By keeping pizza and french fries on school lunch lines, Congress may save business for frozen-food manufacturers, pizza-makers and potato growers, but it doesn’t do much to make school lunches healthier. What can parents do to help kids make better food choices?
Congress is working to pass a bill that would keep pizza and french fries on school lunch lines.
A revised spending bill released earlier this week blocks proposals from the U.S. Department of Agriculture to limit the use of potatoes, restrict sodium content, and increase the use of whole grains in school lunches.
The USDA proposals would have also upped to a half-cup the amount of tomato paste necessary for a pizza to count as a serving of vegetables, but the bill keeps the amount to two tablespoons.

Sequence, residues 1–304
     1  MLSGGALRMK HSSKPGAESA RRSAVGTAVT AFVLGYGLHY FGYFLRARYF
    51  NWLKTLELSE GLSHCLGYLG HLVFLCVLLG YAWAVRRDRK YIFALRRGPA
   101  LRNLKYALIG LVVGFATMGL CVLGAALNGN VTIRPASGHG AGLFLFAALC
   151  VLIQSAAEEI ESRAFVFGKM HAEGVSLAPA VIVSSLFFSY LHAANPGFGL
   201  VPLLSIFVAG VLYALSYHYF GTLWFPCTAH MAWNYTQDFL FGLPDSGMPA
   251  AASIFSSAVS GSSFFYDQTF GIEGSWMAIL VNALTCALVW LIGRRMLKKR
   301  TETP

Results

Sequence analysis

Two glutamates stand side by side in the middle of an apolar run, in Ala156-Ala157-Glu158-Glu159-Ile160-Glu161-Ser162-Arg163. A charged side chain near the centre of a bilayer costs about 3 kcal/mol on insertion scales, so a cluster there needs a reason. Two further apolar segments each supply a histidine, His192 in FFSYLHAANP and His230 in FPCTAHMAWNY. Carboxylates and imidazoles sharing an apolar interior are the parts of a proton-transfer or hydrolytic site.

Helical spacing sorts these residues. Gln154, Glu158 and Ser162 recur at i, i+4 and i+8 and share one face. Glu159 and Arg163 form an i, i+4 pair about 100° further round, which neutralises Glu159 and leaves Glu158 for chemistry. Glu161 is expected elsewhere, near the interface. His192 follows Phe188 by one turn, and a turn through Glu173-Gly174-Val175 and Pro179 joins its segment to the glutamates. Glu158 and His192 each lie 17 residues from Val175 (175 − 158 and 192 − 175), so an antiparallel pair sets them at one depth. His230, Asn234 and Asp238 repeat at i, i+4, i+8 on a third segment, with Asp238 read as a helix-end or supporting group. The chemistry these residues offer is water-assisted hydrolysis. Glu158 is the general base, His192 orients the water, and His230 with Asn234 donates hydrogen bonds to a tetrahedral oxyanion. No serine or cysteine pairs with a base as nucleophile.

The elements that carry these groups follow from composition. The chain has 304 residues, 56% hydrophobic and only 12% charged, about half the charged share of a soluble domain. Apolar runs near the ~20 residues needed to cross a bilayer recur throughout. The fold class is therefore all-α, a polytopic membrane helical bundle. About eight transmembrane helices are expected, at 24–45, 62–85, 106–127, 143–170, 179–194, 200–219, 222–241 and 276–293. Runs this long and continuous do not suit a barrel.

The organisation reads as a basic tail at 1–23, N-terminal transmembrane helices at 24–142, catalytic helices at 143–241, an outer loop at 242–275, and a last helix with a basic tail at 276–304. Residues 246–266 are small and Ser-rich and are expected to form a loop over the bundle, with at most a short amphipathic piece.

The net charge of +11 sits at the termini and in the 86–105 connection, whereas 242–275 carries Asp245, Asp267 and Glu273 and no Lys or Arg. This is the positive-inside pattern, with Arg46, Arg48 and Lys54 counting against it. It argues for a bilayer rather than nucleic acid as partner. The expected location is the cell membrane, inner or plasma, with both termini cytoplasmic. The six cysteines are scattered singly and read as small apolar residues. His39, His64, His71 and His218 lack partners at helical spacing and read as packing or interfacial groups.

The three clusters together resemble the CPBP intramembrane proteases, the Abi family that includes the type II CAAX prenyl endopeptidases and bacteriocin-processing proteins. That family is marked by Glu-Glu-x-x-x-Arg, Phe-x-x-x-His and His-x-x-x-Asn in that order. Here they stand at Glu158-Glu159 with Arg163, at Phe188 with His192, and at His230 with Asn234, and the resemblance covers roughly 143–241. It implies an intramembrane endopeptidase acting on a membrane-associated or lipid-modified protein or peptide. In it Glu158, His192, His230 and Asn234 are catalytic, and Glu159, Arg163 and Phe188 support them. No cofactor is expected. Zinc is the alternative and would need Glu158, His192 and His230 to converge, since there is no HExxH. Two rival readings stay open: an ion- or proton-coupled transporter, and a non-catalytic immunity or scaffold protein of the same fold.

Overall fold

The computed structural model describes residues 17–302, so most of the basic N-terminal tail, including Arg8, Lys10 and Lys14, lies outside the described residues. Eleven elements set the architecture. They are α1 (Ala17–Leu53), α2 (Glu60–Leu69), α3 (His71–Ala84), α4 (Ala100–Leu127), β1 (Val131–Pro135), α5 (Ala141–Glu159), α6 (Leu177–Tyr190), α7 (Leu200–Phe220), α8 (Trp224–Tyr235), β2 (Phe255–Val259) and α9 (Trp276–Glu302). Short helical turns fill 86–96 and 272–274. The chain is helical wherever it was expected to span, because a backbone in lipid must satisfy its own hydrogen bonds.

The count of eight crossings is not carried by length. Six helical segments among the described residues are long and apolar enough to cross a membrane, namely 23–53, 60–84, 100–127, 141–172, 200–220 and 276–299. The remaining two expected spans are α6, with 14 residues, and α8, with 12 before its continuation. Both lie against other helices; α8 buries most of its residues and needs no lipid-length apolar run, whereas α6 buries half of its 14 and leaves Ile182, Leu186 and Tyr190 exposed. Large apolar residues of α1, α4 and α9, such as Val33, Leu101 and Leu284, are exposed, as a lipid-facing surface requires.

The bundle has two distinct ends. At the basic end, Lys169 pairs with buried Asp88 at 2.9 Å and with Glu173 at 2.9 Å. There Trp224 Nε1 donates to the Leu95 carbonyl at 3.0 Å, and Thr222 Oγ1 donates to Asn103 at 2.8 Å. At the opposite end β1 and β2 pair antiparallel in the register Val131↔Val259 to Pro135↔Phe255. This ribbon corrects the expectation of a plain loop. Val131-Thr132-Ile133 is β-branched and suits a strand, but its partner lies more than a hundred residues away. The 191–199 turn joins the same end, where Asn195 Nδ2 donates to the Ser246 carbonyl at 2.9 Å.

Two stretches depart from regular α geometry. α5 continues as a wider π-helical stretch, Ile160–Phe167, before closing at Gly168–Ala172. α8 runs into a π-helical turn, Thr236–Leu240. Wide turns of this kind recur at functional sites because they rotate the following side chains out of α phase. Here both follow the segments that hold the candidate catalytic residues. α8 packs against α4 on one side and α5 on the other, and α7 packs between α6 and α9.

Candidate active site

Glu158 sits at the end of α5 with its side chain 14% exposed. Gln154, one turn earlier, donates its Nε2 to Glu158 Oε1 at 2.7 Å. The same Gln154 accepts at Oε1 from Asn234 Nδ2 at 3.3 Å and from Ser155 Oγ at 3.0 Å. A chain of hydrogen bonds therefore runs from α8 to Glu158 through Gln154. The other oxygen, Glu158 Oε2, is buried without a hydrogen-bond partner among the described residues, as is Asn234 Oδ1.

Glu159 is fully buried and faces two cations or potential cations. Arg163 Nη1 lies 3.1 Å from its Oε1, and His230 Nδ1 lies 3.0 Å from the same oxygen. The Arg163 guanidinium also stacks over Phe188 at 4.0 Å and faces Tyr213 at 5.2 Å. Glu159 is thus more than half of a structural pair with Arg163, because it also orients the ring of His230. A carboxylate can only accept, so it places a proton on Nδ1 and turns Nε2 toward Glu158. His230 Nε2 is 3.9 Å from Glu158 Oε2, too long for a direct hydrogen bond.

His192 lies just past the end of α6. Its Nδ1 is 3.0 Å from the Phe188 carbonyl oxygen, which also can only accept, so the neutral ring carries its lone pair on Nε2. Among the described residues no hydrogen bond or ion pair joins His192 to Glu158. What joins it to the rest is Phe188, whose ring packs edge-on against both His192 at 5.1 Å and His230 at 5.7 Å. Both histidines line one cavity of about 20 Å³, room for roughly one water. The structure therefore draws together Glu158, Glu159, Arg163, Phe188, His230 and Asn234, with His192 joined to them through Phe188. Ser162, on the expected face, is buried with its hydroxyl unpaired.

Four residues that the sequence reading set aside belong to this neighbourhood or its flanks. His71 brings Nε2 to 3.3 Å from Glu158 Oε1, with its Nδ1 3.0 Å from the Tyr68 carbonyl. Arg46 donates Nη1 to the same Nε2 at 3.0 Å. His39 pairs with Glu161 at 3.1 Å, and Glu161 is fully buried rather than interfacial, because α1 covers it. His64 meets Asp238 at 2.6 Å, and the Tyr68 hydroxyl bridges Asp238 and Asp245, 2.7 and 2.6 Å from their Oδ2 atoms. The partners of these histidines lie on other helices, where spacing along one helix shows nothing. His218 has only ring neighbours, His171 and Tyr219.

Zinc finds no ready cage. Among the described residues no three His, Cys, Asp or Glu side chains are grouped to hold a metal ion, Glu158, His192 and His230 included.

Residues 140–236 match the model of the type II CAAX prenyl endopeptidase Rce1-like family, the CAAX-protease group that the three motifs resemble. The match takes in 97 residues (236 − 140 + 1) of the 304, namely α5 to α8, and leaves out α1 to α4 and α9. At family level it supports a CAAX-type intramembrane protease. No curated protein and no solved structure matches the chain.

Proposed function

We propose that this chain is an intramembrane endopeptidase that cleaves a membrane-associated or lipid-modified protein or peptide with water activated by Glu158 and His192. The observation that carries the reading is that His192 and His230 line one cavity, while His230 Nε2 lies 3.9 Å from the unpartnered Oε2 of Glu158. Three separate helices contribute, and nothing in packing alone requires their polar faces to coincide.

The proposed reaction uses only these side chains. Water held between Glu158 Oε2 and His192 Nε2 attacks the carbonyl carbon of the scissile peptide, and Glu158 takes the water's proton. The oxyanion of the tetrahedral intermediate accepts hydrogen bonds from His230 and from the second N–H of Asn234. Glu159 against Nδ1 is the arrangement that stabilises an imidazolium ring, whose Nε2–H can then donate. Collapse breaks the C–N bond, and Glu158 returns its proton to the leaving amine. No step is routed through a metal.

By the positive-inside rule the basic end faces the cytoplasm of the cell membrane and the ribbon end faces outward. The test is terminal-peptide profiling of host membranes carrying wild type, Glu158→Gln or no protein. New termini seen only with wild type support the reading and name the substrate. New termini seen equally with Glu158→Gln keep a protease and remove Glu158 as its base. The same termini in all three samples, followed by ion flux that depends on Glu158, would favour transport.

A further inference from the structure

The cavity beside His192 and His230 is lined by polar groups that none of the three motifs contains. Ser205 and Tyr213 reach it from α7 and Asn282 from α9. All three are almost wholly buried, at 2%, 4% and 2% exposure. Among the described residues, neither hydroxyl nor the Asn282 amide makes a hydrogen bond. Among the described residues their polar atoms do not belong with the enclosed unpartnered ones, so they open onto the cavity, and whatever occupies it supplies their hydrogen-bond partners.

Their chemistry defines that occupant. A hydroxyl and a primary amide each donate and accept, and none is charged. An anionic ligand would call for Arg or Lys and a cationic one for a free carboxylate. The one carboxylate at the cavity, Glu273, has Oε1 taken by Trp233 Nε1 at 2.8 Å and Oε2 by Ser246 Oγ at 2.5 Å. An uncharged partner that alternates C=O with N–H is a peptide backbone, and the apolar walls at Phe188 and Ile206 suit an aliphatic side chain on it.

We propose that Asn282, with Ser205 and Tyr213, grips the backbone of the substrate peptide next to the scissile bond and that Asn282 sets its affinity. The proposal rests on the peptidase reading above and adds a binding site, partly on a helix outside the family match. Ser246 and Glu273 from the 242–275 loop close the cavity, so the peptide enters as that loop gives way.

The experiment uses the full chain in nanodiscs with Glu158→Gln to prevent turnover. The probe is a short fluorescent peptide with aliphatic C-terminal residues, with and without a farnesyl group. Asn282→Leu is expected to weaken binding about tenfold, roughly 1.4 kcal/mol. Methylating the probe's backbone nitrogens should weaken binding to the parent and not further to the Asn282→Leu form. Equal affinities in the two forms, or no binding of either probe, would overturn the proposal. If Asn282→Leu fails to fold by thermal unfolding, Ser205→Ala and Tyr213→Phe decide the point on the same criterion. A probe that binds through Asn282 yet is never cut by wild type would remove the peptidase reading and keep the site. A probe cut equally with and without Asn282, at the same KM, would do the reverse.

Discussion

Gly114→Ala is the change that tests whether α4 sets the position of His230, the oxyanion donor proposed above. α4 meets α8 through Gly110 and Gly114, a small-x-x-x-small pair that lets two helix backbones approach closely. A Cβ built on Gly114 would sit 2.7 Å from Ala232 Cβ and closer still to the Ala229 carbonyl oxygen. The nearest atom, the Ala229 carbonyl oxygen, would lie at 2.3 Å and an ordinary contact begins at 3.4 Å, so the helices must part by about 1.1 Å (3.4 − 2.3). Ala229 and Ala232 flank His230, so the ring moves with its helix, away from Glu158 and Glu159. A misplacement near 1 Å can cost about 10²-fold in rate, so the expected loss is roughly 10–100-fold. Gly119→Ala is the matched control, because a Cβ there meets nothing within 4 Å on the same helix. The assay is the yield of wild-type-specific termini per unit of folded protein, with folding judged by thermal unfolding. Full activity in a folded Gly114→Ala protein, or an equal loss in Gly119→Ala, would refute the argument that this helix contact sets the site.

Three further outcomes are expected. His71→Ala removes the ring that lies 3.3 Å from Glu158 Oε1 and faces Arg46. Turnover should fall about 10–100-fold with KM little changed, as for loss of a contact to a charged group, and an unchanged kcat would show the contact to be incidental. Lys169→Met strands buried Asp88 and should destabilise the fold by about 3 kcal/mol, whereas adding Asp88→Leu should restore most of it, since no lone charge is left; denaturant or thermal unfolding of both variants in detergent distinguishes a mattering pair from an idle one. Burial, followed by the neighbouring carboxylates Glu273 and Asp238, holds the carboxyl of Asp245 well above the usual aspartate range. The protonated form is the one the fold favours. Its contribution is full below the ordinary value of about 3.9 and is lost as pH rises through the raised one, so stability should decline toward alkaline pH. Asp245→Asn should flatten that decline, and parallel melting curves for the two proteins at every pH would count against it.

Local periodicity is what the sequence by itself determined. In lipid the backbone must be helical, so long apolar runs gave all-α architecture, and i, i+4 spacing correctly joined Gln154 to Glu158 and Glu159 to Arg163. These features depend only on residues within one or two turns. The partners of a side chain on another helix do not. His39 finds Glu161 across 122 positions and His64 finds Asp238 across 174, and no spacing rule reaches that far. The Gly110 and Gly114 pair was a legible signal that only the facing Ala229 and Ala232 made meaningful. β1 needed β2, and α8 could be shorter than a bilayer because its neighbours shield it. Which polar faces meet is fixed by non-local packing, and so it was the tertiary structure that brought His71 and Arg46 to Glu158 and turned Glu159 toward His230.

Some conservatives argue that the federal government has no place telling children what to eat and that the revised bill avoids “overly burdensome and costly regulations” and provides more flexibility for local school districts to control the nutritional quality of the food available to students.
Is the argument too myopic? No matter how you slice it, if a pizza has two tablespoons or a half-cup of tomato paste, one piece does not qualify as a full serving of vegetables. And there’s much more to pizza than tomatoes.
Congress may have saved school lunch sales for frozen-food manufacturers, pizza-makers and potato growers, but it didn’t do much to make school lunches healthier.
What are some steps parents can take to help their kids make better food choices?